It is anticipated that, after substantial delay, the government’s intention to introduce a Leasehold Bill will be formally announced in the King’s Speech tomorrow.
The drafting of that Bill is believed to be already underway and we have some indication of the likely content: changes to 990-year lease terms, removal of the two-year qualification period, abolition of ‘marriage value’, changes to estate management charges and the 25% non-residential rule, a cap existing ground rent to a peppercorn level and the possibility that all new houses must be sold as freehold in future.
Bearing in mind a fairly short timeframe in which this legislation would need to be enacted – leasehold reform is incredibly complex and we are likely to face a general election within a year which will not doubt distract politicians – it is import for the industry to understand the likely implications of the future legislation.
This article addresses some of the potential changes which will be of particular interest to readers of Property Industry Eye.
All new houses to be freehold rather than leasehold
After this potential change was first announced the numbers of houses being sold leasehold has dropped considerably. Having ground rent on a leasehold house was means by which housebuilders could keep an element of value which could then be sold onwards. While this change would reduce leasehold costs for the property owner, it would inevitably raise the initial cost of the house.
Capping of existing ground rent to a ‘peppercorn’ level
To change the costs payable for ground rent would be an extraordinary intervention into what are privately negotiated contracts and no doubt would not be well received by the reversionary owners of those leases.
The financial implications of such a change could extend beyond the freeholder and leaseholder: until recently, ground rent investments were seen as strong, stable income and therefore were attractive to pension funds. If ground rents are wiped to a peppercorn with immediate effect the value of those investments essentially becomes zero (unless there is any reversionary element, but the value of that will be diminished by the removal of marriage value). In these circumstances, many of us would lose out financially.
Leases to be extended from 90 to 990 years
Leaseholders currently have a statutory right to extend their lease by an additional 90 years and remove the ground rent under The Leasehold Reform, Housing and Urban Development Act 1993. The Government has previously announced plans to enable all leaseholders with the right extend their lease to do so by 990 years, effectively removing the need to extend the lease again in the future.
This is not a new announcement, and it’s a change that is easy to make and is sensible. It will stop the need for multiple lease extensions, therefore avoiding costs which can be greater than the value of the lease itself.
Abolition of marriage value
It is likely the Government will take some steps to deliver on its commitment to abolish marriage value, for example, by banning marriage value for new leases, or setting a date in the future for such a ban to take effect. Any reforms are likely face challenges from freeholders and will probably focus on new leases going forwards rather than making retrospective alterations to existing leases, which would be legally problematic.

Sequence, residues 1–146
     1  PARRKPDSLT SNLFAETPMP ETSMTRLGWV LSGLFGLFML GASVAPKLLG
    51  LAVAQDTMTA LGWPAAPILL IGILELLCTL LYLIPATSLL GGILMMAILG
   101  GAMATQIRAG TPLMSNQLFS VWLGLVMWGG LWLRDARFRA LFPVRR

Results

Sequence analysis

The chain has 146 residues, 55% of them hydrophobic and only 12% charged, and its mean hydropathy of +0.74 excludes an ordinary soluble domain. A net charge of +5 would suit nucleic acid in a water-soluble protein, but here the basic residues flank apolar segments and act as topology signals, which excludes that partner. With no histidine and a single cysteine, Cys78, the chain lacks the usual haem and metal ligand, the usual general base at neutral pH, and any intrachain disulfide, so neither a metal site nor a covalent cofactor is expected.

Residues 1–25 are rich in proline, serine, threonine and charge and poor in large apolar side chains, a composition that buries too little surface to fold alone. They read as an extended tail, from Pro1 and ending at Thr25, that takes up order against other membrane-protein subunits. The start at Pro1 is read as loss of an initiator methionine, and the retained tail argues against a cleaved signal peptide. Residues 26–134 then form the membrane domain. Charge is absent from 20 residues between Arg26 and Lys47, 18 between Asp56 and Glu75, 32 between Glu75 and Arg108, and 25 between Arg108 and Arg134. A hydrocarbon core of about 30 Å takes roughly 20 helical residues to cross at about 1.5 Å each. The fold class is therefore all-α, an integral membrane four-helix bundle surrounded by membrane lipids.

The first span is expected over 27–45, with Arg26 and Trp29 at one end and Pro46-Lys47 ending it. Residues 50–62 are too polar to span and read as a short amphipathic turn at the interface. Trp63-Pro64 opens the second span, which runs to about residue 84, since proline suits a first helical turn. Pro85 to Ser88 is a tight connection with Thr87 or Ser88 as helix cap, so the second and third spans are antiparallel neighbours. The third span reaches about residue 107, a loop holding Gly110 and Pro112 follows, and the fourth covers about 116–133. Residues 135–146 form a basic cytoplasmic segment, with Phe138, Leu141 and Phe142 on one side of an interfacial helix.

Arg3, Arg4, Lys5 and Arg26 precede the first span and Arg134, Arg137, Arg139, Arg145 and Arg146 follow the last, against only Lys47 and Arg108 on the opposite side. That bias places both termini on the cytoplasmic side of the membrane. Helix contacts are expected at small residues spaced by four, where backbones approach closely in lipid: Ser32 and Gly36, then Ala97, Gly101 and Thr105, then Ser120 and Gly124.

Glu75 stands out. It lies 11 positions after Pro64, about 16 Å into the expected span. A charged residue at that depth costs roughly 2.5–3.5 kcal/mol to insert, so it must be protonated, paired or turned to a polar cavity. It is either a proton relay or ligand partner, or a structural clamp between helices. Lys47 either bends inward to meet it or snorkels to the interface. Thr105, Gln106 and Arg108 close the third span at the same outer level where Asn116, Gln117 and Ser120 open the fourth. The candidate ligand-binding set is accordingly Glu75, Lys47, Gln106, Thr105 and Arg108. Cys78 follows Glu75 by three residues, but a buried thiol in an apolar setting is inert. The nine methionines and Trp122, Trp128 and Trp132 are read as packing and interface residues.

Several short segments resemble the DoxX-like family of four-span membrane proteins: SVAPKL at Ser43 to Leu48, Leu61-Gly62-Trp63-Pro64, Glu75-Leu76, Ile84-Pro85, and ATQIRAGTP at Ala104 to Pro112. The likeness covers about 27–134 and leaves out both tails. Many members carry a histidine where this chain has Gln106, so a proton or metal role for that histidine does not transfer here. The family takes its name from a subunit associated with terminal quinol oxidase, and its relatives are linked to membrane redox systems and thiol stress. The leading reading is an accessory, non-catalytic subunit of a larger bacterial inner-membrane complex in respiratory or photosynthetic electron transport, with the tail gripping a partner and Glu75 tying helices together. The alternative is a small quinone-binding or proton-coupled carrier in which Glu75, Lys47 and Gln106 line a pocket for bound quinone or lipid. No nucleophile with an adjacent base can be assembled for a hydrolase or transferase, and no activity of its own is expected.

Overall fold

There are a few unresolved issues here. Most significantly, this would be a substantial transfer of wealth from freeholders to leaseholders. It is anticipated that landlords, as freeholders, would mount a challenge, and that the dispute could go on for many years.
Furthermore, people buying into leaseholds in the future will not benefit from this change – on the contrary, they will simply pay more upfront. This would be to the detriment of first-time buyers who may depend on buying a short-lease property to get a foot on the property ladder, and could potentially fuel house price inflation.
Changes to estate management charges
Unlike service charges for flats which are mostly well regulated, estate management charges are less controlled. This is because currently these are outside the controls set by the service charge legislation. Estate management charges can apply to freehold houses as well as flats on mixed developments. They are imposed via a ‘rent charge’ that attaches to the freehold land. It has long been mooted that these should be brought under the same controls so that the tests of ‘reasonableness’ imposed in relation to service charges for flats so that a dispute could be taken to the First Tier Tribunal.
ALEP’s members welcome leasehold reform: at our October conference, lawyers and property professionals polled said that they supported change: asked ‘In general, is the leasehold system in need of reform?’, 77.37% responded ‘yes’ – an increase on previous polling.
The government has stated its commitment to leasehold reform for several years and as the professional body for leasehold enfranchisement practitioners – surveyors, solicitors and barristers – we have been lobbying for, and supporting the government in bringing forward change, for many years.
However, we do caution that leasehold reform is complex, extensive and impacts on many more stakeholders than is immediately apparent. We would caution that the government consults widely and takes a considered approach to all aspects of potential reform, rather than rushing out unfinished or extemporaneous legislation that is not fit for purpose, and which could cause unintended confusion and harm – we do not wish to see a repeat of some of the issues that have arisen following the recent Building Safety Act.
Mark Chick is a partner and head of the landlord & tenant team at law firm Bishop & Sewell and a director and founder committee member of ALEP.